Author Jennifer Weiner’s Big Summer

At the beginning of 2020, bestselling writer Jennifer Weiner was looking forward to some big things happening in her life. In March she would be turning the big 5-0 birthday, and she thought she might have a party with friends and family. In addition, she had planned a big trip with her husband and two daughters over the summer to commemorate the occasion. They were going to go to Alaska, someplace Weiner has always wanted to visit. She was looking forward to rafting, hiking and seeing the glaciers. Weiner was also excited about her book tour in conjunction with the summer release of her new book Big Summer. 

But like all of us, Weiner’s 2020 isn’t going quite as she envisioned. While she did celebrate her 50th, it was with a wonderful dinner with her husband and two children (her mother and other important people in her life were able to be there through Zoom). She decided to postpone the trip to Alaska to the following year when the world is hopefully calmer.

While her book tour was canceled, Weiner (along with her publisher) decided that Big Summer would be released on May 5th, a few months earlier than initially planned. Weiner explains, “Due to COVID-19, some books publications were postponed, but I wanted the book released sooner rather than later. When I wrote Big Summer, I thought with the 2020 election coming up, people would be looking for a fast, frothy read to get a break from the noise. I wrote Big Summer as an escape for readers and we need an escape from what is going on right now.” 

The main character in the book is Daphne Berg, a plus-sized influencer who reconnects with an old friend. Weiner has always been about representation in her books, influenced by Toni Morrison, who said, “If there’s a book you really want to read, but it hasn’t been written yet, then you must write it.Weiner explains, “When I was young, there were no books about full-figured protagonists that weren’t about losing weight and I wondered ‘Where is my happy ending?’ so ever since I became a writer, I have felt the need to write that story.” 

Big Summer addresses issues such as family, friendship, body-shaming and forgiveness. Weiner believes that as we get older, forgiveness comes to us more easily. She explains, “In your 20’s, every betrayal by a parent, a friend or a boyfriend makes you feel let down. But in your 40’s and 50’s you have a different perspective. You can put yourself in someone else’s shoes, be more empathetic.” That’s not saying that every relationship is worthy of forgiveness, As Weiner explains, “You need to be strong and know your worth so that you don’t repeat the same topic relationship.” 

In addition to writing bestselling books, Weiner is a contributing opinion writer to The New York Times. Her most recent piece on April 14th is about public shaming amidst the coronavirus pandemic. Weiner talks about the anger she feels when she sees people disobeying social distancing rules and her innate desire (like many of us) to shame these rule-breakers. But she also concludes that shaming is ineffective and suggests we channel our anger into more constructive ways of helping the world. As is Weiner’s signature, the piece conveys an important message with humor. Weiner says, “Growing up as oldest of four kids, you needed to be either really interesting or really funny to be heard. So, I have always used humor to get my message across.”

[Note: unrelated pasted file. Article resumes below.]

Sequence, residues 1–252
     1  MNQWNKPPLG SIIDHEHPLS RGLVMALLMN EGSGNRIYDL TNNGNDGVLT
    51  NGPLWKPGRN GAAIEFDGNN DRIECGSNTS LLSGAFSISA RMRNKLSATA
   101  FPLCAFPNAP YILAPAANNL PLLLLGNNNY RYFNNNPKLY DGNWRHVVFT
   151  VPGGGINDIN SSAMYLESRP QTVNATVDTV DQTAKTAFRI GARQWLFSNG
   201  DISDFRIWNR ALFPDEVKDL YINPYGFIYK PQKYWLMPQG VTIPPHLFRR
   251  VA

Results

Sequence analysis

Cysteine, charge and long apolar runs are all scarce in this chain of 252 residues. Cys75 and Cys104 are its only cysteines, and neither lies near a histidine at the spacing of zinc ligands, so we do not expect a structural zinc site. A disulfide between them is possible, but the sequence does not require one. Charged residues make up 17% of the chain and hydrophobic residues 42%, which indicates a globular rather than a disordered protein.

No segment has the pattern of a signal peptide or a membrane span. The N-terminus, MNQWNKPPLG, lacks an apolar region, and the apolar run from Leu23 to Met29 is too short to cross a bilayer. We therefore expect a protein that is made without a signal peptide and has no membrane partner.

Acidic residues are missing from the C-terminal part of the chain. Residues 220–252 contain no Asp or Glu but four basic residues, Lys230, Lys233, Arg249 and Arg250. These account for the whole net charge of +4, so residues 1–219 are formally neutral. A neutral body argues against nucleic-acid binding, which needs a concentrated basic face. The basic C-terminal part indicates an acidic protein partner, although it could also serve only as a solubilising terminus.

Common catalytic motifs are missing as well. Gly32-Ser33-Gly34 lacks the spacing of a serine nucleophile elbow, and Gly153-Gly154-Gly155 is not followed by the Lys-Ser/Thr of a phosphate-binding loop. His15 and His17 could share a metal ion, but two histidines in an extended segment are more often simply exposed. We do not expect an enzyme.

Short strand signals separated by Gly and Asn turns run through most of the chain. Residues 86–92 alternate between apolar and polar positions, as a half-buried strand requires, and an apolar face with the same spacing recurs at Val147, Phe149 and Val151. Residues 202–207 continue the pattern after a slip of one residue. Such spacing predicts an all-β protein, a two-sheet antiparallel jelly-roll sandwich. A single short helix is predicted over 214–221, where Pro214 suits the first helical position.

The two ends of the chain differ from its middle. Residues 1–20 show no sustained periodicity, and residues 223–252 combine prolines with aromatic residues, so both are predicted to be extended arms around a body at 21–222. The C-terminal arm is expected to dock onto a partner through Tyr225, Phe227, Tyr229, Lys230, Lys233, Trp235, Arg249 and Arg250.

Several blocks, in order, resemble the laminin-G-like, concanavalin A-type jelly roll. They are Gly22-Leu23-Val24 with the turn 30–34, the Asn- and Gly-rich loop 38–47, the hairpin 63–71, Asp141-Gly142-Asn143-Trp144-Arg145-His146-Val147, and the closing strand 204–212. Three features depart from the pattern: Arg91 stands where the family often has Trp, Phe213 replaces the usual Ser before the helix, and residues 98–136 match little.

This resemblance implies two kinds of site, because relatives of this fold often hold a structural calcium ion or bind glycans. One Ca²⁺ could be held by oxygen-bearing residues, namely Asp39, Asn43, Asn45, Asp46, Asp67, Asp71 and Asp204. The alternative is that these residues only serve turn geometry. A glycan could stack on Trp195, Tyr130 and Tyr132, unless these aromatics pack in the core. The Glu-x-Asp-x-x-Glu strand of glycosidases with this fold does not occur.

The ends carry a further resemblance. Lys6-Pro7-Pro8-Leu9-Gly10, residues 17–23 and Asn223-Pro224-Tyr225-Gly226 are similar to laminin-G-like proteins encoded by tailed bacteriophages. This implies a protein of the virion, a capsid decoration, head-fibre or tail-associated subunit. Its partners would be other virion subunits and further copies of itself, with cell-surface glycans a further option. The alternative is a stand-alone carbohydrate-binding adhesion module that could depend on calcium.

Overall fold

Her sense of humor has helped Weiner as she has navigated the stress of the COVID-19 pandemic. Like many women, she finds herself in the role of primary caregiver even though her husband is well-meaning and supportive. She says, “I am not sure if it’s innate or societal, but as Roseanne said, ‘It’s hard being the capable one.’ I am trying to be creative, but now, in addition to being a wife, mother and writer, I am teaching school, doing laundry and running a 24-hour diner.”

Although it is difficult, Weiner tries to find time for self-care, including taking long walks, baking, gardening and playing the piano. Weiner says, “I started taking piano lessons a while ago and I’ve been trying to make sure I take time to practice. When I play, I need to focus on the music on the page and can’t think about anything else.” Weiner started gardening because she was worried about having fresh vegetables during the pandemic. She says, “This is the first time I’ve started with seeds. I am growing tomatoes and eggplants. It’s very therapeutic to see the seedlings sprout.” 

Because Weiner knows first-hand how hard busy women are and how hard it for them to take time for themselves, she made self-care part of her book giveaway promotion. Weiner explains, “For the days leading up the Big Summer, I am offering a chance for readers to win the book plus a $100 gift card. The only catch is that they need to use the gift card on themselves.” To enter, all readers need to do is leave their name on her Instagram or Facebook account.

Weiner is looking forward to the release of her book and to interact with readers even if it’s online. She says, “When the quarantine is over, I am not going to take things for granted. I’m going to go out in the world and savor it. I can’t wait to give people hugs again!” 

Photographer: Andrea Cipriani Mecchi


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